Virtual Meeting Clip
In women with early-stage breast cancer, extending the duration of adjuvant tamoxifen therapy from 5 to 10 years reduces the risk of recurrence and breast cancer mortality, according to updated results of the aTTom trial presented by Richard Gray, MD, MSc, of the University of Oxford, United Kingdom, in Sunday’s Plenary Session (Abstract 5).
Compared with 5 years of tamoxifen, 10 years of tamoxifen was associated with a significant 15% reduction in the risk of recurrence (relative risk [RR] 0.85, 95% CI [0.76, 0.95]; p = 0.003) and a significant 25% reduction in the risk of breast cancer mortality starting at year 10 (RR 0.75, 95% CI [0.63, 0.90]; p = 0.007) among the 6,953 women enrolled in the trial. These findings aligned closely with those from the recently published ATLAS trial.
A pooled analysis of the 17,477 patients enrolled in aTTom and ATLAS showed a 9% reduction in the risk of death after patients received 10 versus 5 years of tamoxifen for the entire follow-up period (RR 0.91, 95% CI [0.84, 0.97]; p = 0.008); the relative risk reduction increased to 16% starting at year 10 (RR 0.84, 95% CI [0.77, 0.93]; p = 0.0007).
Extending the duration of tamoxifen had little effect on non–breast cancer mortality. Dr. Gray noted that there was an increased risk of endometrial cancer with the use of extended tamoxifen, although the absolute hazard was low at 0.5%. Otherwise, there were no safety concerns with the extended use of tamoxifen as reported.
Discussant Ann H. Partridge, MD, MPH, of the Dana-Farber Cancer Institute, noted that late relapses have remained a major issue in hormone-positive breast cancer, even with the introduction of more effective early therapies. Extended tamoxifen does appear to reduce the risk of these late relapses. In the aTTom and ATLAS trials, extended tamoxifen primarily reduced the risk of recurrences starting after year 7.
It had previously been established that a 5-year regimen of adjuvant tamoxifen was associated with a significant reduction in the risk of recurrence and a 34% reduction in late breast cancer mortality. However, the relative benefit of longer durations of tamoxifen was previously unclear due to inadequate follow-up and insufficient numbers of patients.
Together, the results of the aTTom and ATLAS trials provide what Dr. Gray called “proof beyond reasonable doubt” that continuing tamoxifen beyond 5 years reduces the risk of late recurrence and reduces breast cancer mortality. In fact, the benefit of tamoxifen in the aTTom trial may be even greater than reported, as 60% of enrolled patients had an unknown estrogen receptor (ER) status. An estimated 15% of patients likely had ER-negative disease and did not benefit from tamoxifen.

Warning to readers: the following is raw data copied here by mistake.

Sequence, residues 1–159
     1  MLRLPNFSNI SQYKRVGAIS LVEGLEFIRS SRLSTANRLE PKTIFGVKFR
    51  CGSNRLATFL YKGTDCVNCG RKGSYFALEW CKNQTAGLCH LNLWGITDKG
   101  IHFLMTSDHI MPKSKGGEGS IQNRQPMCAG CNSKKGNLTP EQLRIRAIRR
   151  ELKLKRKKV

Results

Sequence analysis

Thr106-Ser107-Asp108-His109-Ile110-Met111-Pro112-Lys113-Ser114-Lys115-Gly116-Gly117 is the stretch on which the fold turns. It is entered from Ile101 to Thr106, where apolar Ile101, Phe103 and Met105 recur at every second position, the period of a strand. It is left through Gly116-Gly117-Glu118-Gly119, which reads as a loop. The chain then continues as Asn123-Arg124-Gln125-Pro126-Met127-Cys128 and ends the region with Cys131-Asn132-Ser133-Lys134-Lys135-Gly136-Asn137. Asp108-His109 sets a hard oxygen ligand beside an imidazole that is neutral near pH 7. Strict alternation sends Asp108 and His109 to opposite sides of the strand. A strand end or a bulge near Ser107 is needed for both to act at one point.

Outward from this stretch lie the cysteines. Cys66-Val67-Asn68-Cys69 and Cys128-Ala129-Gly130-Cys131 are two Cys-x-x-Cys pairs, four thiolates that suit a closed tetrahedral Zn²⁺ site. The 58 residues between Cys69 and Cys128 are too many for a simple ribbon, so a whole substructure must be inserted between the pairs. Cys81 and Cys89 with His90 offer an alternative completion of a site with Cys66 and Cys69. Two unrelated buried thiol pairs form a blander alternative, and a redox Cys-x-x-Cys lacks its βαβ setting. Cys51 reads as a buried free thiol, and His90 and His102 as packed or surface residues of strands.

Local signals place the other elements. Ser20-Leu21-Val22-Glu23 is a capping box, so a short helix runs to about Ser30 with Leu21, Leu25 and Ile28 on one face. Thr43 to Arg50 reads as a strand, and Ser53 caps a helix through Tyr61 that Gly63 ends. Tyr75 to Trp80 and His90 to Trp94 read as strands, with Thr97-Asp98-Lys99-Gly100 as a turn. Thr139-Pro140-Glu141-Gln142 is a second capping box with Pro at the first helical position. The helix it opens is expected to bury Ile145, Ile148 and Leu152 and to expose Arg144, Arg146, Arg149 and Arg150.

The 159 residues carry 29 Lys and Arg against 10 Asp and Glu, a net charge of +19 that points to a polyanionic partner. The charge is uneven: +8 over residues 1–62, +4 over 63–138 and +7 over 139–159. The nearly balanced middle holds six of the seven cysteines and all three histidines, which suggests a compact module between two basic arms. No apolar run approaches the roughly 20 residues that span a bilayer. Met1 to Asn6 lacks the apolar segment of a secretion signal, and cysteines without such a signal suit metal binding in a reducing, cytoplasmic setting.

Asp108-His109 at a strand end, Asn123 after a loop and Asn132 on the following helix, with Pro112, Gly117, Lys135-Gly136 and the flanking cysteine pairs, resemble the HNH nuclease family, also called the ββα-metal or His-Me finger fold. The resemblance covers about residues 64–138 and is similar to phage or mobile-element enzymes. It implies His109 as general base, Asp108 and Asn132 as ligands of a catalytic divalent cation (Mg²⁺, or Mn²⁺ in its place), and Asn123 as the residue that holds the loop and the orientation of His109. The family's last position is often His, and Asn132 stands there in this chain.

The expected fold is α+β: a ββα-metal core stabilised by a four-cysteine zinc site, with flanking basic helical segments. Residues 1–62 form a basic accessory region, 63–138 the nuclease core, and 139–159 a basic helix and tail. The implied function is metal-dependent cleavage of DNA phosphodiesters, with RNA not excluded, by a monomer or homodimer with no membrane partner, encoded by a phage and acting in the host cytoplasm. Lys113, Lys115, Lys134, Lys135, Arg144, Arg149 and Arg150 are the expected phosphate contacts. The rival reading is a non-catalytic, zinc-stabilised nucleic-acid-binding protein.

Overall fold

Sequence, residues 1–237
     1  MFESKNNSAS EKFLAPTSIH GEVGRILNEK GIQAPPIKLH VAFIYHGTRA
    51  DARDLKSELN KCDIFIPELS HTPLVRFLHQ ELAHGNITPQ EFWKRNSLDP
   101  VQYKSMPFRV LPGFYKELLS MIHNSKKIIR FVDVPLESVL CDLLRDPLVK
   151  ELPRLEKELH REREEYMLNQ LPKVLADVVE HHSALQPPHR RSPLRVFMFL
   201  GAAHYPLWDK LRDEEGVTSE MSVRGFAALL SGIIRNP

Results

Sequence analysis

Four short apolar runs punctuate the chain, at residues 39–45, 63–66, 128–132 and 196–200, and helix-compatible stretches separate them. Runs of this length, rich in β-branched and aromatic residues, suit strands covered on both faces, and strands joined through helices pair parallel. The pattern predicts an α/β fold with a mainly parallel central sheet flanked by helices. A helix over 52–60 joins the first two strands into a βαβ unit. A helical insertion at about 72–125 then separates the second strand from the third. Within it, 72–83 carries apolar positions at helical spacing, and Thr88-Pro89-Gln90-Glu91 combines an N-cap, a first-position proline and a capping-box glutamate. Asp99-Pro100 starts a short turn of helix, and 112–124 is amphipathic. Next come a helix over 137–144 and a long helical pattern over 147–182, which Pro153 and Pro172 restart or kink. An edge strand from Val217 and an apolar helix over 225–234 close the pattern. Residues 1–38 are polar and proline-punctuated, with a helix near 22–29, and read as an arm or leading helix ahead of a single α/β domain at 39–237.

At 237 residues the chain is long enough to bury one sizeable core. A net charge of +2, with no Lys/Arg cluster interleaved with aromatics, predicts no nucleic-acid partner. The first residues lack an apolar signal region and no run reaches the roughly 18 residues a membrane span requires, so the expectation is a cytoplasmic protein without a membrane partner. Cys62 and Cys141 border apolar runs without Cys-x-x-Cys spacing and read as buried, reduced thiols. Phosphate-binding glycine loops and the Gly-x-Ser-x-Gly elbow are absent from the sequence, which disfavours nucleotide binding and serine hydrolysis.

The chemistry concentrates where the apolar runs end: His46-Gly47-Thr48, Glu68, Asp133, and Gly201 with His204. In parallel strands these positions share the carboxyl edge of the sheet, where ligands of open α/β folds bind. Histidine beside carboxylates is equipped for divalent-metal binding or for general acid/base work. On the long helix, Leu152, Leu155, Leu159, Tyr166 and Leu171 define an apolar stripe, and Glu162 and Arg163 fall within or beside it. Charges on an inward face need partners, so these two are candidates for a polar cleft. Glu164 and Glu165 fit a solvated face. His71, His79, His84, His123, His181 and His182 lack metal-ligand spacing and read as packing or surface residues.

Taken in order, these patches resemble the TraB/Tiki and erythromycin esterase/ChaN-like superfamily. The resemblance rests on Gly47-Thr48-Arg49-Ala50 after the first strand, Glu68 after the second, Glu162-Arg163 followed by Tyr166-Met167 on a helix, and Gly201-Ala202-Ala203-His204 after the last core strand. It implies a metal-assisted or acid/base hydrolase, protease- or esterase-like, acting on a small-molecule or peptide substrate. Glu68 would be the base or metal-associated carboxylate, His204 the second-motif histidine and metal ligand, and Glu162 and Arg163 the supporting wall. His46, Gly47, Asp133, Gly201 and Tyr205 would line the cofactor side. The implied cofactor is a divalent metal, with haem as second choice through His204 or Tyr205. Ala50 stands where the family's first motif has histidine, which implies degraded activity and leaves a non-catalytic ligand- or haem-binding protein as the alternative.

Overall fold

However, there are many factors to consider when assessing the potential efficacy benefit of adjuvant therapy for individual patients, including their tumor burden, tumor biology, comorbidities, and age. There are also risks to consider, such as the potential for serious adverse events, like endometrial cancer, or less severe symptoms that can still adversely affect quality of life. “Minor side effects can become deeply troubling over time,” Dr. Partridge noted.
Another issue to consider is the role of aromatase inhibitor therapy. Dr. Partridge said that the optimal duration of extended aromatase inhibitor therapy remains an open question. Extended endocrine therapy options are largely driven by menopausal status and prior treatment.
Dr. Partridge suggested that most postmenopausal women should consider taking an aromatase inhibitor for the first 5 years. Women who have completed 5 years of an aromatase inhibitor could begin tamoxifen, and those who initially received tamoxifen instead of an aromatase inhibitor could continue tamoxifen.
For women who develop amenorrhea after 5 years of adjuvant tamoxifen, Dr. Partridge noted that switching to an aromatase inhibitor has previously demonstrated a significant benefit in this subgroup of patients and is likely an appropriate approach. If ovarian function resumed or continued, continuing tamoxifen would be an alternative.
The third category of women—those who remain premenopausal after 5 years of tamoxifen—may gain the greatest benefit from extended tamoxifen, noted Dr. Partridge, as these women tend to have higher-risk disease.
However, the absolute benefit with extended tamoxifen must be weighed against the feasibility of a 10-year regimen, with its associated effects on quality of life, particularly for younger patients. Effects on fertility and family planning will likely be a major concern for many younger women.
Adherence will likely also be a concern. Already, adherence to adjuvant tamoxifen is known to decrease in the first 4 years of therapy. It will likely continue to decline as therapy is extended beyond 5 years.
“For some women,” concluded Dr. Partridge, “these are very difficult decisions. We need ways to better support our patients to make these decisions not only at diagnosis, but also in long-term survivorship.”